Pennsylvania contains broad swaths of productive agricultural land. This land produces food that is consumed across the commonwealth and the entire nation, and supports an industry responsible for over 500,000 jobs. Renewed investments in Growing Greener would preserve this important farmland, while empowering farmers to ensure its continued stewardship.
The Threat of Development
Between 1982 and 2012, nearly a million acres of Pennsylvania farmland were lost to development. This loss is permanent. Once farms are razed by bulldozers and paved over with asphalt, they forever forfeit their potential as fertile crop and grazing lands. U.S Census data indicates that metropolitan areas are expanding, while rural populations decline. As these trends continue, more productive farmland is threatened.
Collapse of Rural Economies
Despite how they may appear, farms are not isolated. Rather, they are anchors of stability for nearby farms, businesses, and other human endeavors surrounding them. When a farm is developed, the negative consequences ripple outward through the surrounding community. The loss of a farm is the loss of something greater—an essential piece in a shrinking web of neighboring farms and local businesses that rely upon each other. As more farmland is permanently lost, the connections within local economies continue to fray. One by one, communities are transformed. Ultimately, the entire farm economy is endangered by this piecemeal dismantling.
Food Security, National Security
The development of Pennsylvania’s productive farmlands, especially in the regions near major eastern population centers, significantly reduces access to locally-grown food and forces consumers to rely on products imported from distant sources. A centralized food production system that depends upon complex global trade networks is vulnerable to disruptive events like droughts, political upheaval, and economic turmoil that cause food supplies and prices to fluctuate unpredictably. In short, an America that depends on other nations for its sustenance is not secure.
Environmental Consequences of Development
When managed using sustainable methods, farms benefit the environment. They provide habitat for various species of wildlife, channel precipitation into groundwater reserves, and build healthy soils that produce food while sequestering carbon. As links in local food systems, they reduce the carbon footprint of food production and delivery. When sustainable farms are replaced by commercial and residential developments, these benefits are lost. Wildlife populations are disrupted, stormwater runoff from impervious sources causes flooding and carries pollutants into waterways, and fertile soils are permanently destroyed.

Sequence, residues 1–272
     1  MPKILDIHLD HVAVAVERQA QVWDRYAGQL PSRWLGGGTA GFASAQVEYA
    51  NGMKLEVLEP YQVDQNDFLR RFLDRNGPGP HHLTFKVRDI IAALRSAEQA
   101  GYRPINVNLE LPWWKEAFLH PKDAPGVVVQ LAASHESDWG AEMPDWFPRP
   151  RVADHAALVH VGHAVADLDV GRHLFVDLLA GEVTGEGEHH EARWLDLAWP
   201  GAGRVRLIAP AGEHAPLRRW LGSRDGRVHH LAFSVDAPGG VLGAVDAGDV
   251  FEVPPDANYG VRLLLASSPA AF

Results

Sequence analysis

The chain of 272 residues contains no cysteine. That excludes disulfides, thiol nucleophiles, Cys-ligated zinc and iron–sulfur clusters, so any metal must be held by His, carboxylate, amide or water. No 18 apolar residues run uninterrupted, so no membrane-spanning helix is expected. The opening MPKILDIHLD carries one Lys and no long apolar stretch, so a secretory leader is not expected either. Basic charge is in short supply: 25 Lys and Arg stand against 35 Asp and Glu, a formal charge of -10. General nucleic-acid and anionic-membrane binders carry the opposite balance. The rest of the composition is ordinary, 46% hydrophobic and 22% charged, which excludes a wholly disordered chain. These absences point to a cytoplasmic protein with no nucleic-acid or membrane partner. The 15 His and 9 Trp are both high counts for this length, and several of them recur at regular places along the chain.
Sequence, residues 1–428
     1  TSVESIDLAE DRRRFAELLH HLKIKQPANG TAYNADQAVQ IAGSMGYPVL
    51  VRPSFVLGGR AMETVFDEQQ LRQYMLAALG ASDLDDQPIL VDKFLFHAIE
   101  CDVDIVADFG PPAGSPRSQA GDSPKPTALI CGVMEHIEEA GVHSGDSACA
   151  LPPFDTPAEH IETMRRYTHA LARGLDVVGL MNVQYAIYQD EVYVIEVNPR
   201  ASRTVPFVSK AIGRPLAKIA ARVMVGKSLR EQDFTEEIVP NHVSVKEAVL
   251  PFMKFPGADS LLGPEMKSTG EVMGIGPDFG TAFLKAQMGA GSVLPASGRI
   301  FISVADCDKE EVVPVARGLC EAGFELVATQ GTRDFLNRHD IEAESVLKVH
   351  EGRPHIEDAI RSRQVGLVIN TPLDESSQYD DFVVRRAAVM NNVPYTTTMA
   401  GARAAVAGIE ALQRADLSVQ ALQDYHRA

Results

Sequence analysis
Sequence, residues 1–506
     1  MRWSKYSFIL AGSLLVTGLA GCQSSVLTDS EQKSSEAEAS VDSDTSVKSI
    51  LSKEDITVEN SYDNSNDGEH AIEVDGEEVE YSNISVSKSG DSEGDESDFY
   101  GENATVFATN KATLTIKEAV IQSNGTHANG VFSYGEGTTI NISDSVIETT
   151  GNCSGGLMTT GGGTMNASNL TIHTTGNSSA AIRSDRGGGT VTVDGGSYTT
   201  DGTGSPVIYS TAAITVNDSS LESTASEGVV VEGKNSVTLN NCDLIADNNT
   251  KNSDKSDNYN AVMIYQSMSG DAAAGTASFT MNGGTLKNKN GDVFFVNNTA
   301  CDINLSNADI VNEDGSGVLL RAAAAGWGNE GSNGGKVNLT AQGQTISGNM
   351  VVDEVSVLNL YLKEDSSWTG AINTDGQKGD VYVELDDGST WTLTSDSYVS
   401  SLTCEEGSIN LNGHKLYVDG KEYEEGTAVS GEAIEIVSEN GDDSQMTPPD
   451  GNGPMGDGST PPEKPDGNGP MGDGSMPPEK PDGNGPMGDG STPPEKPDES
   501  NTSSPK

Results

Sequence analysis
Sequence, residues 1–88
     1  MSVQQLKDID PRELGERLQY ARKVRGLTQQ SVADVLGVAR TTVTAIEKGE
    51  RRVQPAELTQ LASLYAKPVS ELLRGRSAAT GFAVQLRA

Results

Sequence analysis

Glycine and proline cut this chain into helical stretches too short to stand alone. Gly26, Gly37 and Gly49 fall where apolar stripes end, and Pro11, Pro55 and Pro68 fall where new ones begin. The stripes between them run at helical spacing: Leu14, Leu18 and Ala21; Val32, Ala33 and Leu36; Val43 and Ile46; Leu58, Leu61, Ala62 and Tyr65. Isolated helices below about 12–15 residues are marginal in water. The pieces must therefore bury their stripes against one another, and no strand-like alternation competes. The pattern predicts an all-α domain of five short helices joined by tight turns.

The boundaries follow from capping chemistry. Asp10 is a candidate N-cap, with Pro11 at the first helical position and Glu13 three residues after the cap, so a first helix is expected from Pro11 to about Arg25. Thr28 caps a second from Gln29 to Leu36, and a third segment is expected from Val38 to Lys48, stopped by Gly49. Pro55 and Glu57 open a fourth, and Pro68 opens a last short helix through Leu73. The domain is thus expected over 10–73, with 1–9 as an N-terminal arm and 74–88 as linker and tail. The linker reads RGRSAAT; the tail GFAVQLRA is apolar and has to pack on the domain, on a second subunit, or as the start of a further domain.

GROWING GREENER ACCOMPLISHMENTS
Agriculture Conservation Easement Purchase Program
Growing Greener has helped county farm preservation boards, in cooperation with the Pennsylvania Department of Agriculture (PADA), protect half a million acres of productive farmland through the Agricultural Conservation Easement Purchase Program (ACEP) since it began in 1989. The ACEP has conserved 5,000 family farms, making Pennsylvania a national leader in farmland preservation.
One of these farms is Quarry Hill Farm, an 89-acre property in Montgomery County that was preserved only weeks before it was scheduled to be bulldozed. The county farmland preservation program, with the help of Growing Greener funding, made it possible for a couple to purchase the land and prevent the development from occurring. What could have been a subdivision is now a thriving farm with orchards and livestock owned by a couple who are committed to strengthening local, sustainable farming.
THE POTENTIAL OF GROWING GREENER
Preserving Even More Farmland
Renewed Growing Greener investments would allow Pennsylvania to continue and enhance its legacy of farmland preservation. Despite the success of the ACEP, there are still 1,500 farms on county backlog lists, with an estimated cost of $458 million. Growing Greener funding would enable PADA to protect more of these farms through the ACEP, while expanding the scope of conservation by offering grants to private land trust organizations. These groups are often able to preserve farms that are ineligible for government funding, and they facilitate transactions with landowners reluctant to participate in government programs.
Agriculture Conservation Excellence Program
Growing Greener investments would help establish the Agricultural Conservation Excellence Program (ACE), a new initiative designed to protect Pennsylvania’s environmental resources. A joint effort of PADA and the State Conservation Commission, the program would provide financial and technical assistance to county conservation districts while helping farmers implement Best Management Practices to improve the quality of their soil, water, and air. Under the Resource Enhancement and Protection Program, farmers would be eligible to earn tax credits for participating.
Encouraging New Farmers
The average age of the Pennsylvania farmer is 56; as farms transition to new owners, cultivating the next generation of farmers is necessary to sustain food production and maintain the commonwealth’s rich agricultural heritage. Growing Greener would support efforts to encourage new farmers to enter the industry, like the Preserved Farmland Incentive Program. Designed to address land access issues, which are often the biggest obstacle facing new farmers, this program would incentivize a young, skilled workforce to invest in preserved farmland through subsidized interest on fixed loans. Investment in this program could help hundreds of young farmers purchase their own land and reinvigorate farming communities across Pennsylvania.